Another vault is used strictly for film storage with each print carefully catalogued for easy access. Haberkamp and Academy Film Archive Director Mike Pogrzelski explained that even though digital is the clear future their goal is to also preserve as much film as they possibly can. “It is because future generations should have the opportunity to see films the way they were originally created,” said Haberkamp who adds that it’s doubly important since ever-changing digital technologies have not been solidified. Their “film to film” project preserves all different kinds of movies, short and long, and that effort will be celebrated at the end of September with a special weekend-long screening series.
The Academy employs four full-time preservationists who are hard at work on many projects including the preservation of 230 war shorts that were made on very dicey nitrate film and are now being painstakingly restored at a pace of several dozen a year. Since nitrate is very dangerous the Academy actually leases vaults at the UCLA Archives facility in Santa Clarita to store them. The vault also includes the 60,000 trailer collection, the world’s largest. 70 to 100 researchers come in each year to use these facilities. Another vault showed work in progress on numerous film and video programs including clips from Oscar shows, Academy special programs and filmmakers’ own home movies which have been donated to the Academy.
Andy Maltz, the Director of the Acad’s Science and Technology Council showed off their own shooting stage ( The Stella) and groundbreaking work at their lab which is used for research and experimentation into the next generation of technology. He said the Academy puts not-so-subtle pressure on the industry to constantly innovate by showing off their complex work and sharing their studies with filmmakers who will want to go on and use some of these breakthroughs in their own work.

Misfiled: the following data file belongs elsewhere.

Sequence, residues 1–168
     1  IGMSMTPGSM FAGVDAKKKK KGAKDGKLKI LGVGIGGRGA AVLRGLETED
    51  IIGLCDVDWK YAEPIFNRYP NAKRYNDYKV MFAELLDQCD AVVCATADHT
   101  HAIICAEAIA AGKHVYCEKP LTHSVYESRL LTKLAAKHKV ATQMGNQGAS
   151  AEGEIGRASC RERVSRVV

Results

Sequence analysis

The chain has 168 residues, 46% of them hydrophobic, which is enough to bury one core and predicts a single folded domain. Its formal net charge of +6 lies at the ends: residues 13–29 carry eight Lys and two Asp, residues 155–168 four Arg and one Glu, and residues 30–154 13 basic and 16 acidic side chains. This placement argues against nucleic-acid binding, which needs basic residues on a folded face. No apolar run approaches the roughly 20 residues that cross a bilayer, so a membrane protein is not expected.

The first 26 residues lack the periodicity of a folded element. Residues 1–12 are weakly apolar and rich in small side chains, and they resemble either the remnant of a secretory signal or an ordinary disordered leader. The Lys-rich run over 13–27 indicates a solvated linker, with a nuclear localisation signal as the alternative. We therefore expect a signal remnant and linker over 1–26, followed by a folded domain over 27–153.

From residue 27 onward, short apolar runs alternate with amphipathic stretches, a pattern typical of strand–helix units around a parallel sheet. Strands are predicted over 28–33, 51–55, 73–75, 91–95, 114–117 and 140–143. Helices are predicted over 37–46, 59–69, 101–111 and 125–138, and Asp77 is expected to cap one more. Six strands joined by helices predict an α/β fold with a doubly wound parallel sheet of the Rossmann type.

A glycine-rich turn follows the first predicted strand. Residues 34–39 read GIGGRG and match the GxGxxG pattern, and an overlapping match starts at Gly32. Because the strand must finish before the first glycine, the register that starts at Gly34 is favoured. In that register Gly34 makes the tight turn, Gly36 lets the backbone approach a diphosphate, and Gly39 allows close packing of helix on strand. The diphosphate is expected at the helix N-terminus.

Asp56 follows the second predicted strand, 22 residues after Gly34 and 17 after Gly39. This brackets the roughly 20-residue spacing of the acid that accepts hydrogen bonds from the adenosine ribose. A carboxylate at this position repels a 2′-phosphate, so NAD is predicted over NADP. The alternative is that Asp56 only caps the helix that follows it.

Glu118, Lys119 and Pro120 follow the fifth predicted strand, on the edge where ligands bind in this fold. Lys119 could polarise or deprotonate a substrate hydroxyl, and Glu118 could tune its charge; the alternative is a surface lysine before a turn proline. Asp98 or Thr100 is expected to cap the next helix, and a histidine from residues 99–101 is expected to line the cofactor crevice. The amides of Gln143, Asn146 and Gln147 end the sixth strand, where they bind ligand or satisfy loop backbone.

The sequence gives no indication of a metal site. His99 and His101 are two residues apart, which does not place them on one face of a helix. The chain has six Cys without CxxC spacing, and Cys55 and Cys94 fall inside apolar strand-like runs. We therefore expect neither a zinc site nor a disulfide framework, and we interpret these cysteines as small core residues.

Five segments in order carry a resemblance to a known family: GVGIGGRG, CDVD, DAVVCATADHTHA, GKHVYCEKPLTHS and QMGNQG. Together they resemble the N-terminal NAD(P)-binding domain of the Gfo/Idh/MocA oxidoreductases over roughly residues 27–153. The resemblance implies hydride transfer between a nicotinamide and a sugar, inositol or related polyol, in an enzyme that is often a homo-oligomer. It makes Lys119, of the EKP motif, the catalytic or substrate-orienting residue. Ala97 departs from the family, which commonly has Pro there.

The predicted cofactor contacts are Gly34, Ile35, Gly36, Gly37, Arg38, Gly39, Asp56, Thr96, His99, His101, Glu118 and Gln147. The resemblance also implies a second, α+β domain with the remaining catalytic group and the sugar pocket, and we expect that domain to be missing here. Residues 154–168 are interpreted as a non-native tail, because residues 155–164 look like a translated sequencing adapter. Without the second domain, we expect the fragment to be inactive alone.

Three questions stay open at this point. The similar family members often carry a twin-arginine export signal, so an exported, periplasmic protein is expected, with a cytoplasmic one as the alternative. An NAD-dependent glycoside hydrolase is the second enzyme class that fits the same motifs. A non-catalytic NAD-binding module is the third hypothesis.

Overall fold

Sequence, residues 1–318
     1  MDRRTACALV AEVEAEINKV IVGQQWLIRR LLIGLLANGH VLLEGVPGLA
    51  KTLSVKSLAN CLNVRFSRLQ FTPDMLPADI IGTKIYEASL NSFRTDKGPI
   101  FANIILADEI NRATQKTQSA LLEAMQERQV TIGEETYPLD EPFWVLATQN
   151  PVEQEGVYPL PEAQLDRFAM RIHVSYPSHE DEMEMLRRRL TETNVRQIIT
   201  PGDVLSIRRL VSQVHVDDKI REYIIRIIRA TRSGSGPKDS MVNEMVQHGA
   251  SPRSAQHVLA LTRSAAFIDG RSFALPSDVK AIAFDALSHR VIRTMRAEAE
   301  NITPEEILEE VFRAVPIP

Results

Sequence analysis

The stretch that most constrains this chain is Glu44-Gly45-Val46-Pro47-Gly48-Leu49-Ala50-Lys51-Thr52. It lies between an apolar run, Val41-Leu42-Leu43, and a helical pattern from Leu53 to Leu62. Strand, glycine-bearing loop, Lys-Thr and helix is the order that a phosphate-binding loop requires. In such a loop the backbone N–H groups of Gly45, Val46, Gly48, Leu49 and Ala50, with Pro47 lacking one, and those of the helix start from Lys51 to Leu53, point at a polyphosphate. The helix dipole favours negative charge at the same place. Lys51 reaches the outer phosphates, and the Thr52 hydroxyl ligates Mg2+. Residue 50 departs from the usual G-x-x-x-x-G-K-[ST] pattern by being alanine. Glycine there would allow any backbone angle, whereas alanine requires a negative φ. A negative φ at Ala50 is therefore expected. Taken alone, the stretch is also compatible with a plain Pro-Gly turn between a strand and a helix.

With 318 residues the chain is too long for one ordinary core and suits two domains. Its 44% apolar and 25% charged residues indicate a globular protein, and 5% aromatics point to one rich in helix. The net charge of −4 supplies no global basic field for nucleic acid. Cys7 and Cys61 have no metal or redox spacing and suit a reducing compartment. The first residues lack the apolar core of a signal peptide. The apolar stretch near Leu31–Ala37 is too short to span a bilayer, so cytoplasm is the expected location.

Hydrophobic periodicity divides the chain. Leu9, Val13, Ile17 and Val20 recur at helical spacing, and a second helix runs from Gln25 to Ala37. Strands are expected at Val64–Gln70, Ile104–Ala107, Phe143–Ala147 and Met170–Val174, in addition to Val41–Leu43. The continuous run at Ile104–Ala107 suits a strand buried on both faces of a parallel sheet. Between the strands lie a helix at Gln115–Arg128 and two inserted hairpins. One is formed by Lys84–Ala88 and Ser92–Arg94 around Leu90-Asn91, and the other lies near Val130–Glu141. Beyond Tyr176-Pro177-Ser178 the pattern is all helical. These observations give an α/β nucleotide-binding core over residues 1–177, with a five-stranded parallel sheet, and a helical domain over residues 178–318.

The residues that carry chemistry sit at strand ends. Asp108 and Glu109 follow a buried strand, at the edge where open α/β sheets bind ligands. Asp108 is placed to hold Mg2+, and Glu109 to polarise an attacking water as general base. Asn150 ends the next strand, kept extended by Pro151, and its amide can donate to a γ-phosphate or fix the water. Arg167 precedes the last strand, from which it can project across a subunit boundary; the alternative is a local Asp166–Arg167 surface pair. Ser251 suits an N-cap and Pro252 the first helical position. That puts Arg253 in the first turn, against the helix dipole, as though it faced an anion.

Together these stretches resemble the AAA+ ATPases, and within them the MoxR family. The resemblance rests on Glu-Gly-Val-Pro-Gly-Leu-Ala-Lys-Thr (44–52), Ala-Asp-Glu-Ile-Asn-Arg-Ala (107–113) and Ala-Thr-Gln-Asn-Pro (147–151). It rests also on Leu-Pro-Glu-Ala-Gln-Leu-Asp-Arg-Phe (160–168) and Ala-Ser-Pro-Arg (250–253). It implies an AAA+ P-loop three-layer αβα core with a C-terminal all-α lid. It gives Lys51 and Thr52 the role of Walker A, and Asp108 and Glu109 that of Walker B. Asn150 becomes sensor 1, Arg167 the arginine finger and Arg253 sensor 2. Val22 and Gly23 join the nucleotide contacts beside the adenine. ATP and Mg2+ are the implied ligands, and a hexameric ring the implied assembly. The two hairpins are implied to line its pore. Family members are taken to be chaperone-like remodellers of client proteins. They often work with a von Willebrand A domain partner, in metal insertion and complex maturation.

And in the conservation area Academy employees were hard at work restoring and repairing posters, photos , production designs and other items from their massive collection that numbers over 70,000. Work being done included an original production design sketch for a house in Gone With The Wind that is one of many objects being borrowed by the Frankfurt Film Museum for an exhibit later this year called “85 Years Of Oscar”. Work is also being done for the Academy’s own exhibition of Universal Horror coming this Fall in honor of U’s 100th anniversary. In the last 12 months alone the Academy’s Events and Exhibitions efforts (overseen by Ellen Harrington) totaled 90 different programs including 58 in Los Angeles, 14 each in New York and Washington D.C. and 2 in London among other locations.
The Academy also showed off more large vaults with rows and rows of moveable shelving being prepped for precise temperature controlled shelf space for the large numbers of donations they have and expect to get, particularly in the ramp-up to the museum project which should be completed in 3 to 5 years and will be located at the old May Co building on Fairfax and Wilshire. Some of the large poster collection now at the Academy Library on La Cienega will be moved over to the Pickford since the library has only limited shelf space left for the ever-expanding collections. Lining the halls of the Pickford (which also includes a state-of-the-art screening facility) are some of the rarest and earliest examples of poster art
For Haberkamp this is all about the future. “To preserve, store, exhibit. This building may look like a cement box to some but it is a great place where great things are happening, ” he said.
Tickets for September 11th’s Inside The Vaults are sold out but there will be a standby line on the day of the event and numbers will be handed out beginning at 5:30pm.